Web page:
After four years of junior hockey in Alberta and Saskatchewan, Kingston played two years in the British Columbia Hockey League, including the 2017-18 campaign, in which he was the fifth-oldest of 38 skaters for the Salmon Arm Silverbacks.

Kingston enjoyed a strong showing in his only year with the Silverbacks, scoring a team-best 24 goals and 26 assists in 54 games, but without a scholarship offer, he thought his days of hockey were numbered.

But Salmon Arm assistant coach David Killip, a WMU hockey alum and former director of player development with the Broncos, thought Kingston would be a good fit at his alma mater.

He called current WMU coach Andy Murray, who used to own the Salmon Arm franchise before coming to Kalamazoo, and told him about the unique and gifted player on the Silverbacks' roster.

"(David) mentioned Rhett to us, and we started the process and got talking to him," Murray said. "He wanted to play in the best league he could, which is the NCHC (National Collegiate Hockey Conference), and David obviously told him what a great place Western is academically and from a hockey perspective. We liked his speed and tenacity, and it led to him being recruited and committing here.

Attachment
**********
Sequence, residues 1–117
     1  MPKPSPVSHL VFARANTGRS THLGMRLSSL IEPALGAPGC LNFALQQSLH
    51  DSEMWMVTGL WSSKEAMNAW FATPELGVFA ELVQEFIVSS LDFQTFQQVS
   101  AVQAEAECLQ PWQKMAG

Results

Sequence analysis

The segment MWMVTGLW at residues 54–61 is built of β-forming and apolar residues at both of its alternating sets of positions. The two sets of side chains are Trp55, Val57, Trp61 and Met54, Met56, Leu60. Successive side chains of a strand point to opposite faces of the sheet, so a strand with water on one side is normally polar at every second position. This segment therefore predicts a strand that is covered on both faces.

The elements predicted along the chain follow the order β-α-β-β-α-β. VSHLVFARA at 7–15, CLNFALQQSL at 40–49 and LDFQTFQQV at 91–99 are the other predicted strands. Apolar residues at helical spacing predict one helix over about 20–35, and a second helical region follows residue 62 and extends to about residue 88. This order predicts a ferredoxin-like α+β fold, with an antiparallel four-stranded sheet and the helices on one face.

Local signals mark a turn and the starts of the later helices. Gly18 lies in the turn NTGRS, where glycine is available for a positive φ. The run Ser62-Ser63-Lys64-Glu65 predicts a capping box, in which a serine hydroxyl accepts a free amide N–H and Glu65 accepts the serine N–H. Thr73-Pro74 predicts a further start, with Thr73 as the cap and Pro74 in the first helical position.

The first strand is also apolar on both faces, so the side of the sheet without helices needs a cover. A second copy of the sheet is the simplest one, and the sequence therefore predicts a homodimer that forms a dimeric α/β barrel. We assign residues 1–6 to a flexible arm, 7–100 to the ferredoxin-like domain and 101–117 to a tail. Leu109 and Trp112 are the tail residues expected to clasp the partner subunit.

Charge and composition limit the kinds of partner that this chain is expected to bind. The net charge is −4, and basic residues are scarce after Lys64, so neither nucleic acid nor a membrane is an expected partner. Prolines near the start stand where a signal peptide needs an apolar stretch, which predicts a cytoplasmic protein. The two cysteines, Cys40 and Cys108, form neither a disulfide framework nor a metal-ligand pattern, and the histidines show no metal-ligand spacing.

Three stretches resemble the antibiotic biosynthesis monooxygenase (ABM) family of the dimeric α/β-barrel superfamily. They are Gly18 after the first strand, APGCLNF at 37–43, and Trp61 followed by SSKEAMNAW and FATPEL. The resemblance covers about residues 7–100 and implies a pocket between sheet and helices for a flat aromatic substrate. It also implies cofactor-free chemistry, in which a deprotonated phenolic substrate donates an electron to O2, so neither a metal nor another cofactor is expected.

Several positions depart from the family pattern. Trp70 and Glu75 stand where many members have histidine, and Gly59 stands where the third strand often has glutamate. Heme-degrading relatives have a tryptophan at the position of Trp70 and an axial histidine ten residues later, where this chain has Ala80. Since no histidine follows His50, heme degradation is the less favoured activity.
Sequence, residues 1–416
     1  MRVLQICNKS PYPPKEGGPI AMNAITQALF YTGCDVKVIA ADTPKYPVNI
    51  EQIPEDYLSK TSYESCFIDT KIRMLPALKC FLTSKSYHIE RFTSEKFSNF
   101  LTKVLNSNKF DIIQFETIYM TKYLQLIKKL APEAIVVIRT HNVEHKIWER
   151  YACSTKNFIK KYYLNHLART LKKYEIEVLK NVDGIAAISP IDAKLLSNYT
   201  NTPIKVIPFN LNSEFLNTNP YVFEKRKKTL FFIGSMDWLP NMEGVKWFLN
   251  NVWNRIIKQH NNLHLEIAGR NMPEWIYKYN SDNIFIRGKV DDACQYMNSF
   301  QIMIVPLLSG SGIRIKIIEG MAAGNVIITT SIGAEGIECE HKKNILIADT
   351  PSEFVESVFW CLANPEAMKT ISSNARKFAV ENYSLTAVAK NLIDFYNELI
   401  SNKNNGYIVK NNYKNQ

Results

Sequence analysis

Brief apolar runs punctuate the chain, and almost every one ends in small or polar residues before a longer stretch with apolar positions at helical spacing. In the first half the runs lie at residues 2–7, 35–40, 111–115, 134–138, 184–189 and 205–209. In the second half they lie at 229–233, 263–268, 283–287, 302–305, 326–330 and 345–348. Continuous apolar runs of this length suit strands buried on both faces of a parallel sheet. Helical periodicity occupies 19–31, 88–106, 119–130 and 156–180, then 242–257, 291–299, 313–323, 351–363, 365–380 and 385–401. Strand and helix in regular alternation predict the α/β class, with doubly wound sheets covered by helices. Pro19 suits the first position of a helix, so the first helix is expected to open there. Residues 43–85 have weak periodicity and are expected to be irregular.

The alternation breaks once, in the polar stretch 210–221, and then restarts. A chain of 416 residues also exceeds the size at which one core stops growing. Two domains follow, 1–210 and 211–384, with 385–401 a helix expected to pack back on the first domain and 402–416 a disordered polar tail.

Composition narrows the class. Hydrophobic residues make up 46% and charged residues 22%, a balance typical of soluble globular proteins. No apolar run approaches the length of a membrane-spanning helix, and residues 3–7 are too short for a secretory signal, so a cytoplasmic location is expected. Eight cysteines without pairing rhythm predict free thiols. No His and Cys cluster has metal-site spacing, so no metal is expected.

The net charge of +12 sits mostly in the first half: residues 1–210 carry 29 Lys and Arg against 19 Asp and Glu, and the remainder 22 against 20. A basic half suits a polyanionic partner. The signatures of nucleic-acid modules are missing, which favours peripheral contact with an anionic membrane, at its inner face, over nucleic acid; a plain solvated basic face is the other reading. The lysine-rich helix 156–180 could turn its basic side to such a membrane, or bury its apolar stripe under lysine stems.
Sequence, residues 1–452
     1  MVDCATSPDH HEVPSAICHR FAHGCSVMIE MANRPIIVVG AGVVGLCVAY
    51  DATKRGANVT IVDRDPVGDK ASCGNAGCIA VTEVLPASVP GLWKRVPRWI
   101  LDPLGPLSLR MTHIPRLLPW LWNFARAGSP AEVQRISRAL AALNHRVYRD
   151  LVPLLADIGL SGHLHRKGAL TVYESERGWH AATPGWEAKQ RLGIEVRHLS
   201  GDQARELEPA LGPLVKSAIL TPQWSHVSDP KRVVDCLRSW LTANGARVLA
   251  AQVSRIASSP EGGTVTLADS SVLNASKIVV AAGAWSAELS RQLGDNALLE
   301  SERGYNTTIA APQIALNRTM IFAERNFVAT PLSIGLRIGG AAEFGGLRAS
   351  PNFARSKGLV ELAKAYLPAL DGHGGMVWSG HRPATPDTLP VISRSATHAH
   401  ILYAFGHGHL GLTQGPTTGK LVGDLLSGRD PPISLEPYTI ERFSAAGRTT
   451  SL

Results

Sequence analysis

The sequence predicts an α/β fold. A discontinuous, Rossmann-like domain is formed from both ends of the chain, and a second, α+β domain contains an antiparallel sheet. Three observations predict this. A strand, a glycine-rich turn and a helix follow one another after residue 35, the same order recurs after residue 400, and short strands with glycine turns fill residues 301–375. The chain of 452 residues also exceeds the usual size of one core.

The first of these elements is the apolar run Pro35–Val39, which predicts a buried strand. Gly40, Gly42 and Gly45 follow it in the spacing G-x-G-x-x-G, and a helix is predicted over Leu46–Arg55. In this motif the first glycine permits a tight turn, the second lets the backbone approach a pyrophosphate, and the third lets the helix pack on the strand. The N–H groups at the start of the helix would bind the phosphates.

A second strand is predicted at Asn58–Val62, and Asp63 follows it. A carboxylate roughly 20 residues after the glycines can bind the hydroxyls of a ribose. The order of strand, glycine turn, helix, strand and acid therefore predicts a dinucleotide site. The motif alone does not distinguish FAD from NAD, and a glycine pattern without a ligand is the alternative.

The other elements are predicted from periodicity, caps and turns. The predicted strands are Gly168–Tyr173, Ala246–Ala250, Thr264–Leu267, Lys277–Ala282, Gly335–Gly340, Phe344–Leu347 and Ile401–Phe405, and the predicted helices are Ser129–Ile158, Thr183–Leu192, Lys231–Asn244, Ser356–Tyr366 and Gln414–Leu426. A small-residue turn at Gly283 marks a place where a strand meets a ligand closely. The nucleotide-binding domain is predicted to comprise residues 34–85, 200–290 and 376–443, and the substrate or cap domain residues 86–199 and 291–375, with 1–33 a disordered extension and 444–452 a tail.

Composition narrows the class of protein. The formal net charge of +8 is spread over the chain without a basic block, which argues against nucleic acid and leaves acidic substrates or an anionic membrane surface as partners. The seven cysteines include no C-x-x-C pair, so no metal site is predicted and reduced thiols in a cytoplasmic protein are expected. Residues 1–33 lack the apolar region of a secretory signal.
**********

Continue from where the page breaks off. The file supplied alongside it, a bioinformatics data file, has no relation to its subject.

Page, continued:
"He was a great leader for their team. He wasn't the captain, but they probably felt like they should've named him captain. He was only there one year, but he was their leading scorer, was one of their hardest workers in practice, and he brought a lot of ingredients that are part of our culture here at Western."

Suddenly, Kingston's dreams of competing at the next level were realized.

"I remember him telling me that he was lying in bed in January of this year without a scholarship, thinking his days of hockey are done, and here we are less than a year later, and he's scoring goals for the Broncos," Mike Kingston said. "I'm so proud of the guy. He's worked so hard to get to that level.

"Not only did he have to persevere with his hand over all those years, but he had to persevere through junior hockey.

"It came down to the last minute in getting a scholarship, and they were the only school that gave him an offer."

Kingston has played in five games for the Broncos, including the last two on a line with standout upperclassmen Colt Conrad and Wade Allison. He has two goals and an assist in that span and is a plus-3 during his time on the ice.

"It's always tough for freshmen because they have to get used to the pace and have to learn how hard you have to work every practice," Murray said. "In college, every puck is important, and you have to practice with intensity every day."

A left-handed shooter, Kingston frequently switches the hand that controls the top of the stick when he's going for a poke-check or trying to maneuver his lumber with one arm.

It might look a little strange to a hockey fan, but it's second nature for Kingston.